Quality Standards Update

by Paul Scicchitano

God Bless America

There is a reason why freedom of the press
has been a cornerstone of
America's political architecture.

Thanks to a fiery Sicilian lawyer from Brooklyn, I'm once again proud to call myself a flag-waving American trade journalist.

Some months ago, as you may recall, I was thrown out of a meeting of about 150 standards writers in Durban, South Africa, while attempting to report on the next iteration of the popular ISO 9000 standards.

It proved to be an ugly event with ominous implications. I had breached the inner sanctum of a key subcommittee to International Organization for Standardization Technical Committee 176. I wasn't planning to use the information for the greater good of society, like many of the $1,500-a-day consultants in the room. I was planning to share it with industry-the very people affected by the standards.

The subcommittee makes key decisions that will shape future international quality assurance and management documents. The British chairman of the event apparently believed that the press had no right to cover these developments, that coverage wasn't in the best interest of the people they serve.

What could he have been thinking? Isn't this the mentality that has kept citizens down in communist countries?

After that fateful meeting, I learned that it was the leader of the U.S. delegation who brought my attendance to the attention of the subcommittee chairman-though he maintains that it was purely a point of information, not a complaint.

I had been invited to attend the week-long series of meetings as a guest of TC 176 Chairman Reginald Shaughnessy of Canada. Shaughnessy understands the value of getting the message out. But he is apparently in the minority when it comes to the international standards-writing organization.

Unfortunately, ISO recently decided to ban the media from all working sessions of the organization's many technical committees. This is where (I never thought I'd say this publicly) an American lawyer by the name of Joe Cascio restored my faith in the great American tradition of fighting injustice. Cascio heads the U.S. delegation to the ISO committee responsible for drafting the ISO 14000 series standards. The ISO ban on press attendance affects his committee as well.

Cascio had difficulty reconciling the exclusion of the press with ISO's stated desire to create voluntary standards for industry in an open process. But, instead of acquiescing to those who would operate behind closed doors, Cascio took another approach.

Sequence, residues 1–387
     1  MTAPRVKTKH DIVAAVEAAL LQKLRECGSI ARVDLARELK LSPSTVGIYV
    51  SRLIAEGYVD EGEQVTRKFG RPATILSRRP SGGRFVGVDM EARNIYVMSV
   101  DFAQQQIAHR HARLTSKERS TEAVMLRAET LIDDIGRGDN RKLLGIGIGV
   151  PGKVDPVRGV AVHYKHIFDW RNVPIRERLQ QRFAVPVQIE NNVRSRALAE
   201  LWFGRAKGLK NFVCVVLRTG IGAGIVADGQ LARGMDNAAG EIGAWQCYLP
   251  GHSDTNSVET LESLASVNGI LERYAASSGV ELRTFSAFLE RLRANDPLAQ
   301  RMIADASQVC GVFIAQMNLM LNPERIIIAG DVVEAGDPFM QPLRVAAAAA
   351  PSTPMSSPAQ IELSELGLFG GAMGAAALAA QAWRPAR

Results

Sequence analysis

He named several journalists from the United States, including myself, to the roster of official U.S. delegates attending the technical committee's recent series of meetings in Brazil. This made it virtually impossible for ISO to draw a distinction between us and the many consultants who attend these meetings only to report on their activities in speeches and training courses.

Cascio pressed the issue publicly, asking some 400 delegates from more than 40 countries to take on ISO's tough stand against press attendance.

"Many times in previous TC 207 plenaries, we have expressed the need to spread the word on ISO 14000 to small and medium-sized enterprises, and to those in developing countries," went Cascio's plea. "We have acknowledged that consultants and registrars can be expensive sources of information, and beyond the reach of many in these audiences. We have not yet, as a technical committee, established the mechanisms to provide information to these interests, and yet we are now being instructed to ban from our midst those who have done much to assist TC 207 in its honorable goal-to make the ISO 14000 message accessible to all groups. How is this productive, and how will it help us to reach SMEs and organizations in developing countries?"

From the reaction, it was apparent that the notion of openness regarding the process had different meanings outside of the United States. When the dust settled, the ban was still in place.

I am curious to see if Cascio's courageous stand will at least serve as a precedent for future U.S. participation in ISO meetings, given the importance of ISO standards to American business.

There is a reason why freedom of the press has been a cornerstone of America's political architecture. It's not that our elected leaders wouldn't prefer to operate in a vacuum like these standards writers; they just understand that people tend to respond better to initiatives when they can see them coming instead of being blindsided by them.

Maybe ISO could take a lesson.

About the author

Paul Scicchitano is managing editor of Quality Systems Update, a monthly newsletter and information service devoted to ISO 9000 and ISO 14000 published by Irwin Professional Publishing, 11150 Main St., Suite 403, Fairfax, VA 22030; telephone (703) 591-9008; fax (703) 591-0971; e-mail isoeditor@ aol.com